But why think of such things when you have the most delicious parathe fried right in front of you? And a range larger then you can ever sample. From the staple aloo and gobi to the mildly adventurous papad and mirchi (both rock, I am glad to report) to the outright bizarre fillings of karela (bitter gourd – which my husband insists on sampling) and rabri (a milk sweet).

The long list

The four of us, we squeeze our way through the narrow benches and find a place by the wall at the end of the room. The boy who is obviously too young to be working there places the steel plates in front of us, small crevices filled with the chhole and alu sabji. Who needs all these when each of the parathas comes bursting with flavours? Accha, methi chahiye, yeh lo mein gobi ka laaya, yeh kha lo, says the waiter with a benign smile; we are already down several bits of parathe – shared generously across the four plates, each with different flavours – and we can only weakly nod and take the gobi, begging him to forget the earlier order of methi.

Parathe and people all stuffed
It is fascinating to watch how fast the entire process is; the waiter takes our order (that is just to make you feel happy – in his mind he has already decided what you are going to eat), he goes near the counter and yells the order to the man with the dough. He places a handful of the stuffing in the middle of the rolled out disc and folds it carefully and lets his hands fly lightly over the atta, he then passes it on to the oil man and in a minute, another paratha has made its way into the world.

Behind the scenes

Flying fingers

A kind word of advice: it is best to close your other senses and let taste rule in the time you are there. Focus on the food.

And when you wearily stumble out, try not to think of the teddy bear which told the world, I am stuffed.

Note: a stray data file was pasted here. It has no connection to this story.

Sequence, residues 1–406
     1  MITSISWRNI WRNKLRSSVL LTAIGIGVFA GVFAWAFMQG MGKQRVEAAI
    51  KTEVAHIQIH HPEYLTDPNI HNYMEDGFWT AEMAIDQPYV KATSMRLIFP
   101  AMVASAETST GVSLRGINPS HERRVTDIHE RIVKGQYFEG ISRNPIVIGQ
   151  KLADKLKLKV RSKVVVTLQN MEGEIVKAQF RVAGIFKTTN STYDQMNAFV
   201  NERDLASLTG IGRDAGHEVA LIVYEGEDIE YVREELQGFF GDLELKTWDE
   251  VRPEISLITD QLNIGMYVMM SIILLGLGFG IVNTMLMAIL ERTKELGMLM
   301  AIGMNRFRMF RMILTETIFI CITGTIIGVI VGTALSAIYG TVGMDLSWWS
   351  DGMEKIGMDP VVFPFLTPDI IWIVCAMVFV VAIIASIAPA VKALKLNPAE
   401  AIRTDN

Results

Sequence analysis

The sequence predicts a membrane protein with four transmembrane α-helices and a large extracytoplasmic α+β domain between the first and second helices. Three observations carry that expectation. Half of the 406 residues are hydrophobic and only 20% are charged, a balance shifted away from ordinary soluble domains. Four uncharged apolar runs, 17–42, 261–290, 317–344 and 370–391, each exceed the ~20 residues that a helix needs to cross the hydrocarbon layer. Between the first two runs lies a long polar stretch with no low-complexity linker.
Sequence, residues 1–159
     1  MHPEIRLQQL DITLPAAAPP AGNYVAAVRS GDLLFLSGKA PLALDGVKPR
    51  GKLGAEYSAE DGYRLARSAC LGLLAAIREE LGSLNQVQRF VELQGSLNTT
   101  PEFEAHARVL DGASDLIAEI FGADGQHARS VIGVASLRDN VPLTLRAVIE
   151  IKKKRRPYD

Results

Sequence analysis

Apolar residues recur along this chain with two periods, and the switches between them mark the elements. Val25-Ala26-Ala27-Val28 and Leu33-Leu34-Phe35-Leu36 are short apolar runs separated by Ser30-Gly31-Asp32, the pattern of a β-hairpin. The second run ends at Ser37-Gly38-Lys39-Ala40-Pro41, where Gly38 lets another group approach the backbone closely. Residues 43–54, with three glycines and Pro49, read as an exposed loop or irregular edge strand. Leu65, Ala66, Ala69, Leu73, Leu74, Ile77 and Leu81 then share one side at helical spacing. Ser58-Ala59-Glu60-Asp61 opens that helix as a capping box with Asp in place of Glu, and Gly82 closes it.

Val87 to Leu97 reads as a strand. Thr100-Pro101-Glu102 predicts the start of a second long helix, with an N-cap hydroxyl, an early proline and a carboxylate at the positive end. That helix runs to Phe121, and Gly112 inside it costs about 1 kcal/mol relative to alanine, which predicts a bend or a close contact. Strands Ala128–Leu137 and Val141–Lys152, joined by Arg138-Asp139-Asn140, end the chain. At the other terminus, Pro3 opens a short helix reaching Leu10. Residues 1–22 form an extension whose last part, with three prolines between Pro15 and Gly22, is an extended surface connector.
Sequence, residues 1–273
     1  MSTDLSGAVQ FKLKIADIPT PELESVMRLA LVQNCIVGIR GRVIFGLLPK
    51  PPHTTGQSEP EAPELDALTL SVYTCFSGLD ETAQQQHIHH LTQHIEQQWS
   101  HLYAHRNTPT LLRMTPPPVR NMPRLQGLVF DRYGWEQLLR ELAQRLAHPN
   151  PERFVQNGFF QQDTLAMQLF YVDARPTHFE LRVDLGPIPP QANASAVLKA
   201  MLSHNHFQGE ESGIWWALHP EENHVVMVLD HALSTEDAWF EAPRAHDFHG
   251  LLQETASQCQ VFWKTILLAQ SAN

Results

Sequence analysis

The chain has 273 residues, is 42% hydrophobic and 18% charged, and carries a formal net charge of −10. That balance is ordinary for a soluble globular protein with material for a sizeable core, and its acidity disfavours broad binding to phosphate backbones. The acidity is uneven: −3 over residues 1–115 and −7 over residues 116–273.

Morning at Jama Masjid

Silhouetted

It’s Sunday morning and the roads leading to Chandni Chowk are deserted. We cross the chaotic merry go round of Connaught Place in a trice and head to old Delhi. Where are all the people? The buffaloes that carry on listlessly and children who dart at unexpected moments across the road. It is so quiet. Where are all the vehicles? There is no orchestra of blaring horns, no tinkle of cycle rickshaw bells as they weave their way through the narrow lanes, just managing to miss running over innocent feet and getting run over by speeding cars. And before I realize it, the Red Fort is to my right, imposing and grey in the early morning light, not fully awake.

And inside the Jama Masjid, the sense of stillness follows us. On an earlier trip late one afternoon last September, I remember the contrast the interiors of Jama Masjid presented to the babel of the streets and market surrounding it. Once inside, it is another world, people finding themselves quiet corners to pray and meditate and even sleep, all outside noises filtered by the thick red walls along with their worries and anxieties.

The cap seller is just taking out his stock, arranging them carefully into a delicate house of cards. He looks indifferent to my intrusive camera; even when I show him his photo on the camera he shrugs in a careless manner. I can see he is pleased – he calls his friend to show him the image and then calls out to me a few minutes later to share the meagre breakfast they have all started eating from the packets carefully carried from home.

I stand near the gate that looks on to the Red Fort, sharing the moment with families sitting on the steps. My mind keeps going back to the past, to the place this must have been, to the better days this area has seen… Now, people are washing their clothes on a tiny stream between the mosque and the fort, vendors are setting up shop all along the road, children are running about trying to catch chicken and each other in a game that makes sense only to childhood.

Dreaming in pink

Inside the mosque, people are quietly doing their own thing. Near the pool in the preliminary cleansing ritual , under the arch staring out blankly into space, on the corridor offering prayer, near the pillars fast asleep…

Parent child

Each individual has found his own space.

Repose

And from the top, from another day, another time… life inside and outside the mosque goes on as usual…

Playing pool

Delhi in contrast

***
Also see: Jama Masjid photo gallery